When It Comes to The Land Bank, St. Joseph Should Get Out While It Still Can
A version of this commentary appeared in the St. Joseph News-Press.
You are probably familiar with various versions of the phrase, “Time to get out while the getting is good.” While that suggestion does not often apply to government, it most certainly does to the St. Joseph Land Bank.
In 1971, the state created the nation’s first “land bank” in St. Louis to help get control of vacant properties and return them to private use. Since that time, the St. Louis land bank has proven better at acquiring properties than at returning them to the private sector. In a struggling city like St. Louis, that alone should not be a surprise. More troubling is that the hesitancy in getting rid of the properties it had has been no accident. Research by Show-Me Institute staff and others documented the alarming frequency with which legitimate offers for property in the land bank have been rejected. Most commonly, the land bank has been rejecting offers in order to hold the land for future — often more politically connected — development. That development has seldom come to fruition, so thousands of land bank parcels have just sat there for decades.
In 2012, Kansas City followed St. Louis with its own land bank. At the time, the Show-Me Institute published research documenting the failures of the St. Louis land bank as a warning to Kansas City about what was ahead. But, proving once again in government that nothing succeeds like failure, the state approved a Kansas City land bank, which was started up later that year.
Fast forward to December 2021, and the Kansas City Star has just published a series of stories on development failures in parts of Kansas City, including a major article on problems at the Kansas City land bank. Needless to say, the Kansas City land bank has not lived up to its promises. Its executive director was removed in 2018 after accusations of political favoritism and other problems. The family of the Jackson County executive received a special deal on certain properties, which raised plenty of eyebrows. As in St. Louis, the Kansas City land bank has been plagued by conflicts of interest and poor management.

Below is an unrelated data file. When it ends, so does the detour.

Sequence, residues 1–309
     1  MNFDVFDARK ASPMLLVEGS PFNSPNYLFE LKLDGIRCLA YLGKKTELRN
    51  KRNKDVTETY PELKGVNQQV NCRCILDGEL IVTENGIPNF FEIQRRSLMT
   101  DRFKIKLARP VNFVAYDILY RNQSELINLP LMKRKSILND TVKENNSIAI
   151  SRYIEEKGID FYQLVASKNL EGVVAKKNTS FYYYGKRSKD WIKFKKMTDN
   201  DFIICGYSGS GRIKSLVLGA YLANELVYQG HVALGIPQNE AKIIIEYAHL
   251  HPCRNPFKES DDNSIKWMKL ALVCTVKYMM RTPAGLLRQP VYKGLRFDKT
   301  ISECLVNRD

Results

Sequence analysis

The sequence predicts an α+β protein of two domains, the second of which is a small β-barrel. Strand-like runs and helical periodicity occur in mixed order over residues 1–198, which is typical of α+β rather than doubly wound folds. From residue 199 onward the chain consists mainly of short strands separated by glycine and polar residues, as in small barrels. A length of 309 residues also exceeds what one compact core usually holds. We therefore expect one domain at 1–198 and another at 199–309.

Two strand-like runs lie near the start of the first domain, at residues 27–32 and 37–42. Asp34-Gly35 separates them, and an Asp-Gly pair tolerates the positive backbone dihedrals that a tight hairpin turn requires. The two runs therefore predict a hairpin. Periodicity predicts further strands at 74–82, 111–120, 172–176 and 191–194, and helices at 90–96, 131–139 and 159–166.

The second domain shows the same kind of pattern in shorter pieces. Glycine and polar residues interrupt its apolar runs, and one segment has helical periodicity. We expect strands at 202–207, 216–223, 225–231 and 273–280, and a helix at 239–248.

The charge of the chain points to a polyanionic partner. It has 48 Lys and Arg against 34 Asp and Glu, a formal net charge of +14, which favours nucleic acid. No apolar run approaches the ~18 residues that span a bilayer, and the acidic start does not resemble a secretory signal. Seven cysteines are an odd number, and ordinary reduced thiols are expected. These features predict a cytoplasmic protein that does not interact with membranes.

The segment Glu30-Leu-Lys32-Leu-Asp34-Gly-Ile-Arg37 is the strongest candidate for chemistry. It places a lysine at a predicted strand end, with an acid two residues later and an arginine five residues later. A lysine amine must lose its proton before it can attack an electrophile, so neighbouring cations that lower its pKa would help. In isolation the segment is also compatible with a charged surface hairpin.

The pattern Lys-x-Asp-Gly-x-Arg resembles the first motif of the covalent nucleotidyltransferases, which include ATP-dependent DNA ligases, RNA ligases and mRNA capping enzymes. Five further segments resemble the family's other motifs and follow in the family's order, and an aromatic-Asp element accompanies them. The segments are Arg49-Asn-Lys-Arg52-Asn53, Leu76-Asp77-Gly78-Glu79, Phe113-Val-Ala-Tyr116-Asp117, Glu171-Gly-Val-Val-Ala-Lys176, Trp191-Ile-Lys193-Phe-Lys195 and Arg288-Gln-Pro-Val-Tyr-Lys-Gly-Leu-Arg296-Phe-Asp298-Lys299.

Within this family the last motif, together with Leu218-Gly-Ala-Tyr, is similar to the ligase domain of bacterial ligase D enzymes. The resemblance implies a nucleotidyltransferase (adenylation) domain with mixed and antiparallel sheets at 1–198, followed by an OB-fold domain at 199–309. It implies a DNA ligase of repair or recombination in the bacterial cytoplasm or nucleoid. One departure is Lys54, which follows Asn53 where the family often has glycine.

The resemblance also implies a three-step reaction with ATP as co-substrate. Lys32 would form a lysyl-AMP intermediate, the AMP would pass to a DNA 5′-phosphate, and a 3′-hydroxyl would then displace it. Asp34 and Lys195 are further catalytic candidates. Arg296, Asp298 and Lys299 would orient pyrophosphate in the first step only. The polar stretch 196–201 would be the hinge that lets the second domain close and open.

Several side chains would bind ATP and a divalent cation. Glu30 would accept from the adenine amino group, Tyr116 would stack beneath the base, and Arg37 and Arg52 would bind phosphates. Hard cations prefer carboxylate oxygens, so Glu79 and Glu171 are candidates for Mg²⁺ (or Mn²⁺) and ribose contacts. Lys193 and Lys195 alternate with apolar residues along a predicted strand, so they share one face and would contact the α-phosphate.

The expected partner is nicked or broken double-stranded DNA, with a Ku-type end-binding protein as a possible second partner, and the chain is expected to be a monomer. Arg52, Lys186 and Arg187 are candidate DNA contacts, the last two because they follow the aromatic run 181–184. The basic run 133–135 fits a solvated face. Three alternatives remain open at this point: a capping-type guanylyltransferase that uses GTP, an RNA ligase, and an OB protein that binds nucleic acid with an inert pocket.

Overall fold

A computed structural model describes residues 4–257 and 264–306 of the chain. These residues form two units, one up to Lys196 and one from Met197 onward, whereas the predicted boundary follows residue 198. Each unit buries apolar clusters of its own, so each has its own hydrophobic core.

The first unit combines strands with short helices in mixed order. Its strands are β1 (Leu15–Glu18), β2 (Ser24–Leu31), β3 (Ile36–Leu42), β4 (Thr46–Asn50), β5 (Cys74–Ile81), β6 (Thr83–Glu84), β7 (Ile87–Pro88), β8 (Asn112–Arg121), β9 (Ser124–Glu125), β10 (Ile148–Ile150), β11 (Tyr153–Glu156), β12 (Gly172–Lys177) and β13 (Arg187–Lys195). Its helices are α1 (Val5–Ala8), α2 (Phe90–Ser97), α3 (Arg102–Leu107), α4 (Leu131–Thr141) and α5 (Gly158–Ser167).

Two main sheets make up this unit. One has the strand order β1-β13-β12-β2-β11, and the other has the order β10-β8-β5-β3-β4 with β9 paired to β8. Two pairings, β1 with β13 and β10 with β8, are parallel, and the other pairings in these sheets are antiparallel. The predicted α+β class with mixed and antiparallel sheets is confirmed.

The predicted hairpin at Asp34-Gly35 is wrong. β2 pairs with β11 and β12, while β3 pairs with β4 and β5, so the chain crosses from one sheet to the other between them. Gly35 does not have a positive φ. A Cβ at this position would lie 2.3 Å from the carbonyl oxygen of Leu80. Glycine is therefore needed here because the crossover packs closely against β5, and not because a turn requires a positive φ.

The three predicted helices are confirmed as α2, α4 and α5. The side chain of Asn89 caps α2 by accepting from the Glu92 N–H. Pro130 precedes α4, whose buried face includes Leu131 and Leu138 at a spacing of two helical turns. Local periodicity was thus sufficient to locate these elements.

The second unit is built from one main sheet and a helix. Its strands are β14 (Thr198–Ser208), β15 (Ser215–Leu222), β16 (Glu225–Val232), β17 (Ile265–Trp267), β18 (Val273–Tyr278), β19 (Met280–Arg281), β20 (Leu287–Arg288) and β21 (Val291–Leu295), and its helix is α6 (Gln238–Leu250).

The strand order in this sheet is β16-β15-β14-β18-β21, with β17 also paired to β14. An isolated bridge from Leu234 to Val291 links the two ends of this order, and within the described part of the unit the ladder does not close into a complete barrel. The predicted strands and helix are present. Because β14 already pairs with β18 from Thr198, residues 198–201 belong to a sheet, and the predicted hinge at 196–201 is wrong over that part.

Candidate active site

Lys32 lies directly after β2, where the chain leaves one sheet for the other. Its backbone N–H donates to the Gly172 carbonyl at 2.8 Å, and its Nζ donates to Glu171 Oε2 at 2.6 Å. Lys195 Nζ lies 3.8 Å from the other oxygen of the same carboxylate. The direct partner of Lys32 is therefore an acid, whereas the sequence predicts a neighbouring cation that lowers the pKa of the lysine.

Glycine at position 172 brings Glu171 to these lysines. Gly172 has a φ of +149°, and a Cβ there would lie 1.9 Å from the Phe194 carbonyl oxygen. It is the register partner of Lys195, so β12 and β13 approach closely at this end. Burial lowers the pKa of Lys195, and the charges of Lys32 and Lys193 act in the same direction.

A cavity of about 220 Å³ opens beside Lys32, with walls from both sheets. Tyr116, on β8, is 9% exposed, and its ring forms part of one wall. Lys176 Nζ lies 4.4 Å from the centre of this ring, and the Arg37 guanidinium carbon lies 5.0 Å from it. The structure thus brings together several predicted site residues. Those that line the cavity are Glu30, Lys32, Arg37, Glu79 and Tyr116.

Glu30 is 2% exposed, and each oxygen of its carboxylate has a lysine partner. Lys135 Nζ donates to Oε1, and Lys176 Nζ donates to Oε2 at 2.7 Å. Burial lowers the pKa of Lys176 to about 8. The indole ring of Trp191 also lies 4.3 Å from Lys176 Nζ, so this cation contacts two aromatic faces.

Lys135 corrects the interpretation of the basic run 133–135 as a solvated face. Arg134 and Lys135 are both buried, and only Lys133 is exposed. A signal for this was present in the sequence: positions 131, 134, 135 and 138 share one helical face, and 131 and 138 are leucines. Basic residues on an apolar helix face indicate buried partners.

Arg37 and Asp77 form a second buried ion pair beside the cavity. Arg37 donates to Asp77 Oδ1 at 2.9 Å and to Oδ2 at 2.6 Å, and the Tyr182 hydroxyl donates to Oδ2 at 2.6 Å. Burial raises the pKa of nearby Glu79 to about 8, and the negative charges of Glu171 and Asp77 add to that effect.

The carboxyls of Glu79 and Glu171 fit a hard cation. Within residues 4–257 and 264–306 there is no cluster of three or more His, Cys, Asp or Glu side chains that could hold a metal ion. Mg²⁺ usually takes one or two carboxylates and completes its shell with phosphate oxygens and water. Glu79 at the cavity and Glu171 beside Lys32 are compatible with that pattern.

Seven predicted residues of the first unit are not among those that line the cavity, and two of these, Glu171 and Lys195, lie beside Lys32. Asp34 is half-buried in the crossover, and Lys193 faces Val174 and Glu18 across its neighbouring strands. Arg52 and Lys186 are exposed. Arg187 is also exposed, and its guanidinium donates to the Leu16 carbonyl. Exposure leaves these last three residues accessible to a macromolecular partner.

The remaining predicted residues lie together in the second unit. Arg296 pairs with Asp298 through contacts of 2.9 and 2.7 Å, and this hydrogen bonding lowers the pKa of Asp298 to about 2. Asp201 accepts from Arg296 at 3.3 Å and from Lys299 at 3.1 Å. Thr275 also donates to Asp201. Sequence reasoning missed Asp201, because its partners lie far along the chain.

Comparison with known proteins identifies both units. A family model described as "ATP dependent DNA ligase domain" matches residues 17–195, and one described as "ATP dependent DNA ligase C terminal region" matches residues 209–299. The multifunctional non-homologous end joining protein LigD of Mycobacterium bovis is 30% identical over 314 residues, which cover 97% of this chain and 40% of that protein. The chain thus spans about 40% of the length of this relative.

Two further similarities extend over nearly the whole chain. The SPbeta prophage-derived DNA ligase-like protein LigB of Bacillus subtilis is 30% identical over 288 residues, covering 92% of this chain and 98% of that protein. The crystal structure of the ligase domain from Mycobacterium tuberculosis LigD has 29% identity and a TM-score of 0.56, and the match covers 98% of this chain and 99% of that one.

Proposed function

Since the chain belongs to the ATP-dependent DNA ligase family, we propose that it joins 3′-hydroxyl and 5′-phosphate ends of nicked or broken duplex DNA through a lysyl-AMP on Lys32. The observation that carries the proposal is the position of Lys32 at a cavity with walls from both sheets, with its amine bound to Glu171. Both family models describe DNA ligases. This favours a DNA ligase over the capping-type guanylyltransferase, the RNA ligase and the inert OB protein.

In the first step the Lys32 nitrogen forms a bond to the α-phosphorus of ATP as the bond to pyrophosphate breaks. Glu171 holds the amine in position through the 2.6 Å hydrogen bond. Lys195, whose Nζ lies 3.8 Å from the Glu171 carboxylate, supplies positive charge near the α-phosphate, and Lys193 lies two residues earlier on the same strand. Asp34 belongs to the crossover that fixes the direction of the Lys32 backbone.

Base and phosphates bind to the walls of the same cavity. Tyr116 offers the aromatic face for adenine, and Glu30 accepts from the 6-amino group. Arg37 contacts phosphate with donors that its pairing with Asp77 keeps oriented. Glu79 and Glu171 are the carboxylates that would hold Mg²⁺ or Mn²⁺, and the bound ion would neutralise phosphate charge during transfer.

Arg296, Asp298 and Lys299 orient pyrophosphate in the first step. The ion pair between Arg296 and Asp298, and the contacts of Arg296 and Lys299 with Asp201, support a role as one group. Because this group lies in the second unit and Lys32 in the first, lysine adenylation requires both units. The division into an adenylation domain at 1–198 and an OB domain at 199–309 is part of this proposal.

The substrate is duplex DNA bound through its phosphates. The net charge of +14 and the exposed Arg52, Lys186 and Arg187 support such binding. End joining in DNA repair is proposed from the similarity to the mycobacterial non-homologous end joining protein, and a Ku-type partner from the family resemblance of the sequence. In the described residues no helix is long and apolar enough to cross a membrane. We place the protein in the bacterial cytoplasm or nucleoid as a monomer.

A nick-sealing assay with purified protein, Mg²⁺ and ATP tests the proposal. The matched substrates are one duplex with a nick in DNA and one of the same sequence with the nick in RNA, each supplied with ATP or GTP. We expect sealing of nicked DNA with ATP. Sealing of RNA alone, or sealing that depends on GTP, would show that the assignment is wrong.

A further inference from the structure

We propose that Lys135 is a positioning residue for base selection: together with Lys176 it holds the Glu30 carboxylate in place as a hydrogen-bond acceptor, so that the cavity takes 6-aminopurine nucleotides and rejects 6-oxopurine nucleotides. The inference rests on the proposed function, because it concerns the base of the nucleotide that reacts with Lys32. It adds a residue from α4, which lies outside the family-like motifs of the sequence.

Land banks have fundamental problems. Ideally, they would work quickly and efficiently to place properties they own back into private hands. But that very speed is what will inevitably make them subject to abuse by those with political connections. In order to guard against such problems, they can become a typical bureaucracy—slow and ponderous to deal with. But if they do that, few in the private sector will want to work with them. So, the choices are to operate quickly and accept some level of malfeasance or to operate bureaucratically and drive away some of the people who approach you. Finally, land bank employees have little incentive to do their jobs so well that they find themselves out of one. Idealists may wonder why St. Joseph’s land bank can’t have the best of all worlds and be nimble, honest, and focused—but if the experiences in St. Louis and Kansas City are any guide that is not going to happen.
The St. Joseph land bank has, according to reports, chosen to err on the side of ponderous bureaucracy since it began operating in 2019, and that was before it even held any properties. Now it has five properties to try to return to the private sector as taxable, productive land and buildings. I remember in 2012 when Kansas City opened its land bank and promised it would be operated more effectively than St. Louis’s. That didn’t happen. I am sure the same promises would be made now at the St. Joseph land bank in reference to Kansas City. I don’t dispute the sincerity of the promises—just the likelihood of their fulfilment.
Traditional county land trusts have worked fine as a way to deal with abandoned properties. The City of St. Joseph should take heed of the recent stories in Kansas City and transfer those five land bank properties to Buchanan County for inclusion in the annual county tax sale process. Get out while the getting is good, or else I will expect in about five years to read a News-Press exposé on the failures of the St. Joseph land bank.